juststeveking.uk

Lead Software Engineer at Geomiq .

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5 minute read

Adapter Pattern

Of all of the design patterns you could use in your code, the adapter pattern is one of my all time favourites. It allows you to abstract the implementation to an adapter that implements an interface. so you can switch implementation simply by switching the adapter.

Let us walk through an example.

Firstly we need something that will manage our adapters, what is it we will be building? For this I will use a fictional approach as it makes explaining the process easier.

We will be building a social poster, a class that allows us to post to different social media channels. Firstly we will need the adapters interface, it is important to bear in mind what the social networks allow you to do. Having a postVideo method on the interface when only 2 of the 3 social networks supports this isn't a great idea. The main reason for using this pattern is to simplify integrating across different services under a common API.

Let us set the basic requirements of our code.

  • We want to be able to post an update.
  • We want to be able to fetch a post.
  • We want to be able to delete a post.
  • We want to be able to get a list of posts.

So knowing that, we can design our contract/interface using that information:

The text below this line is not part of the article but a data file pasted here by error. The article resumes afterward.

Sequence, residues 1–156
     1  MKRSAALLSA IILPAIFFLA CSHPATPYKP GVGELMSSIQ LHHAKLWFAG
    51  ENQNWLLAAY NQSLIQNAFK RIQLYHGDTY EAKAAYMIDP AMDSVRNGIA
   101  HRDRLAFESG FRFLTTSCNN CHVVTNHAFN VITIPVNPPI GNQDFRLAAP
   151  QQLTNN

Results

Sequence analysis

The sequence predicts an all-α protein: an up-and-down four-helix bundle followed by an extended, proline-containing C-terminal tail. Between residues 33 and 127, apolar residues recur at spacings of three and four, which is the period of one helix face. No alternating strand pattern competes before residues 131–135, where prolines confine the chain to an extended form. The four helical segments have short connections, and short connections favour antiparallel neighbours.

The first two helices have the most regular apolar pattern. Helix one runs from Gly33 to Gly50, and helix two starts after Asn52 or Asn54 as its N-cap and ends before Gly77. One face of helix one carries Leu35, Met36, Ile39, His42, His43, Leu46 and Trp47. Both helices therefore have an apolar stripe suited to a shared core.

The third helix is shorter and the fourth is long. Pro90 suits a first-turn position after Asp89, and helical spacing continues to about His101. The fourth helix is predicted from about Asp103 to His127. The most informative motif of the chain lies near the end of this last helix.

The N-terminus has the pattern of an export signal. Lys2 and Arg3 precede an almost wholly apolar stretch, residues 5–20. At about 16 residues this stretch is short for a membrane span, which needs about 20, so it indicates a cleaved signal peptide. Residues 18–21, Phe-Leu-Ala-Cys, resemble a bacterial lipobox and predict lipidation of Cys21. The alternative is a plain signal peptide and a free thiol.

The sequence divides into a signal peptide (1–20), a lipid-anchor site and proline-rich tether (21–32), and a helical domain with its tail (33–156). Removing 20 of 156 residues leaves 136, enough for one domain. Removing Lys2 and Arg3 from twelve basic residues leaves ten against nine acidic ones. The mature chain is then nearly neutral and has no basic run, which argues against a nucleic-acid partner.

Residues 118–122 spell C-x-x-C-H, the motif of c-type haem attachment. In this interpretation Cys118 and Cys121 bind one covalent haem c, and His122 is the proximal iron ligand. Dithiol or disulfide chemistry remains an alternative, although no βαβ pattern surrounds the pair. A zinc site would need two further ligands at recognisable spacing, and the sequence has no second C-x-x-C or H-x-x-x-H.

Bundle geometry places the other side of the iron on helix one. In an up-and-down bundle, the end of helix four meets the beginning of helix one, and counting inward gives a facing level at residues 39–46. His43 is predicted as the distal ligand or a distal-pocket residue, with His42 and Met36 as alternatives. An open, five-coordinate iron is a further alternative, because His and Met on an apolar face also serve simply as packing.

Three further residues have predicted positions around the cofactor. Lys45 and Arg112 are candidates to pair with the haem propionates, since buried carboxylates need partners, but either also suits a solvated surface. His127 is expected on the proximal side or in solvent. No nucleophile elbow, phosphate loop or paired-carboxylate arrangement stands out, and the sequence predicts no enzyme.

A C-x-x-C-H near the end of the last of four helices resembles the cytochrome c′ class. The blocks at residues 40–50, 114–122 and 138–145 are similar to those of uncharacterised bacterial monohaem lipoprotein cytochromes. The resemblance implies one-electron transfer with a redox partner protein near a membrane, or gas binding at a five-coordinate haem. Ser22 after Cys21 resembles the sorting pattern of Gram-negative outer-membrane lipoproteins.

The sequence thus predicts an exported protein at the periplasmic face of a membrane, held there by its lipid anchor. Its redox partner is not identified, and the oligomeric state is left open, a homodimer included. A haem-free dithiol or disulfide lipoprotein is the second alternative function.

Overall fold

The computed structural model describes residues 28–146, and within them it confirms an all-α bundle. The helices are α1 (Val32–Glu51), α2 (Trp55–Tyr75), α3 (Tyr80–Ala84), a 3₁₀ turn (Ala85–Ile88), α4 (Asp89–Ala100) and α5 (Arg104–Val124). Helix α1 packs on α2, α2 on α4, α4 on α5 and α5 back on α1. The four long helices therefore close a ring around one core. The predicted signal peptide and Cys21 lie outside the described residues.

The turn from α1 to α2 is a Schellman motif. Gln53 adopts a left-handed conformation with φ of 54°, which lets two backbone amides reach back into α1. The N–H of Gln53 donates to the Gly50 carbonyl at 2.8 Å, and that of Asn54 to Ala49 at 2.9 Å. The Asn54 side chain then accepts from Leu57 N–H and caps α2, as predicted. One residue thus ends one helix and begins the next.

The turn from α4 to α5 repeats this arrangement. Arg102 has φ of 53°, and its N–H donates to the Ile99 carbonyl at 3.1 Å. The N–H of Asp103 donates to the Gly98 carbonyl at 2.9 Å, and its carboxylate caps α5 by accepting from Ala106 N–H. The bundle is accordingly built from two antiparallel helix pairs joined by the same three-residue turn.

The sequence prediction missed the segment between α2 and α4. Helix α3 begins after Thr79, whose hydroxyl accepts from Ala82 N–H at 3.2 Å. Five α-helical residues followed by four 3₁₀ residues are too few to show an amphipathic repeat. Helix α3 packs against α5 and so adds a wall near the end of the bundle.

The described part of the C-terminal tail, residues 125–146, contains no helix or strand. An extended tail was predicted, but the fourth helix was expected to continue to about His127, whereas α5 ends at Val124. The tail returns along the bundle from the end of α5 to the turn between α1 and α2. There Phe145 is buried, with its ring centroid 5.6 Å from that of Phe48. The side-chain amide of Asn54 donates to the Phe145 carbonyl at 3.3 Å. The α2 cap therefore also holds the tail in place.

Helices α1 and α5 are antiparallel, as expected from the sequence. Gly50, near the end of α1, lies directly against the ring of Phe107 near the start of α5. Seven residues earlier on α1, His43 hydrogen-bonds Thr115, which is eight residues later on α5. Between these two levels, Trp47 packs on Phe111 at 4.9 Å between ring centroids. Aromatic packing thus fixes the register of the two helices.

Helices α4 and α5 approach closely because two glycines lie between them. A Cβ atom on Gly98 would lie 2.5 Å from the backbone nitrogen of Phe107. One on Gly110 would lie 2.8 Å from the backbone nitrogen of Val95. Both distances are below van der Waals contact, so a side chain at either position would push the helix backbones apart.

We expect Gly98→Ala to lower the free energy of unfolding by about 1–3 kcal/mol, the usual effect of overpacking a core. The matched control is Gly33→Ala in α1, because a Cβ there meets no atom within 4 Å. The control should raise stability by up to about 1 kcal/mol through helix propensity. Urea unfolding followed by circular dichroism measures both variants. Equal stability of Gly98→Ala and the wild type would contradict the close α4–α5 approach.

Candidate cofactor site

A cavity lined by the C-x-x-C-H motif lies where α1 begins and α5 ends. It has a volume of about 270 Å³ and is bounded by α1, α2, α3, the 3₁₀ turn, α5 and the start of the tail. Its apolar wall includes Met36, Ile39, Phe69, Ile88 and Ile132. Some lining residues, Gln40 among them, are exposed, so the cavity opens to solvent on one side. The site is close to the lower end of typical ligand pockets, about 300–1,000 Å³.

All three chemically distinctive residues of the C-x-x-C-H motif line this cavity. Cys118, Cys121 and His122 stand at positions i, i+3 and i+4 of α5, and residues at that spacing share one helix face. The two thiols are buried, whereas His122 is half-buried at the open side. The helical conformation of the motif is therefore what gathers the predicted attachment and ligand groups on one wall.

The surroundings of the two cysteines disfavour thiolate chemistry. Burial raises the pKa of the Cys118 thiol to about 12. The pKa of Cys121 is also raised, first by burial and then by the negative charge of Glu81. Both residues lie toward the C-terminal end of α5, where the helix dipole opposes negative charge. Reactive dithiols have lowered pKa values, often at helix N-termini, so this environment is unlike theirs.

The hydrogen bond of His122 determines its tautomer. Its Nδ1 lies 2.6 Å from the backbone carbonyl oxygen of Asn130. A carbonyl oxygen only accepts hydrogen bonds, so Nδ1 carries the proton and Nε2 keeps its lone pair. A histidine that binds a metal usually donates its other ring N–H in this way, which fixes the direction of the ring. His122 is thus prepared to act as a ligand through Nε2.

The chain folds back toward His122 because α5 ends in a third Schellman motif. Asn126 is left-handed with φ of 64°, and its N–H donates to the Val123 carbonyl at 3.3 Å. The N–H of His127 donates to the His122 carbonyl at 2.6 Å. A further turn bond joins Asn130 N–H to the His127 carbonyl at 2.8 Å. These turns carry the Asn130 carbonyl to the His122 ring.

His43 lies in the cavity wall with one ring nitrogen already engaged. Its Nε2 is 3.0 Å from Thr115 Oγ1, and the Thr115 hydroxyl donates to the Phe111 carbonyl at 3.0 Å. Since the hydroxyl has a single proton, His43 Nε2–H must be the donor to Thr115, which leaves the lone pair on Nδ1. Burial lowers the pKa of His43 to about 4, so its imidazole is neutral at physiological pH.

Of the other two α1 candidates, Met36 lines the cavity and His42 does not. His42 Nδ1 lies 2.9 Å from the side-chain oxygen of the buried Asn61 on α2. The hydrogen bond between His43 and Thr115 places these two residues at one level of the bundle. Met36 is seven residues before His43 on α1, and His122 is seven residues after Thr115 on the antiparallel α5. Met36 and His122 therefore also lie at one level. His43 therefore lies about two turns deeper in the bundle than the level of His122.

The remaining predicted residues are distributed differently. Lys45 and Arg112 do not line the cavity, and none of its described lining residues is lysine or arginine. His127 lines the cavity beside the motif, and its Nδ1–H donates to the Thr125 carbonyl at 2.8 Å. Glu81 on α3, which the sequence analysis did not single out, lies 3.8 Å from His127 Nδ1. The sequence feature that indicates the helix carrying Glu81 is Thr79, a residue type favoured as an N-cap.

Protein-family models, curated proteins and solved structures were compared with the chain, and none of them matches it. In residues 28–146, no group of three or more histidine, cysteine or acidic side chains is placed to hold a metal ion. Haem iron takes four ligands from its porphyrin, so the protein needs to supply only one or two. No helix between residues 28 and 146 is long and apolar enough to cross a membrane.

1interface NetworkAdapterContract
2{
3 public function post(string $message): void;
4 public function fetch(mixed $identifier): mixed;
5 public function delete(mixed $identifier): void;
6 public function get(): array;
7}

For now we will stick to the mixed type and array type to keep things super simple. Unless we do a lot of additional processing this is the minimum viable code we need, but we can make this stricter later if we need to by processing API responses and standardising them under things like NetworkCollection and NetworkResource interfaces/contracts. But that is going too deep into implementation instead of focusing on the pattern.

Our first social network we want to integrate with is twitter, probably my most used social network. So we will build the twitter adapter using the NetworkAdapterContract contract/interface.

1class TwitterAdapter implements NetworkAdapterContract
2{
3 public function __construct(
4 private TwitterSDK $sdk,
5 ) {}
6 
7 public function post(string $message): void
8 {
9 $this->sdk->tweet(Formatter::tweet($message));
10 }
11 
12 public function fetch(mixed $identifier): mixed
13 {
14 return $this->sdk->fetchTweet($identifier);
15 }
16 
17 public function delete(mixed $identifier): void
18 {
19 $this->ssk->deleteTweet($identifier);
20 }
21 
22 public function get(): array
23 {
24 return $this->sdk->getLatestTweets();
25 }
26}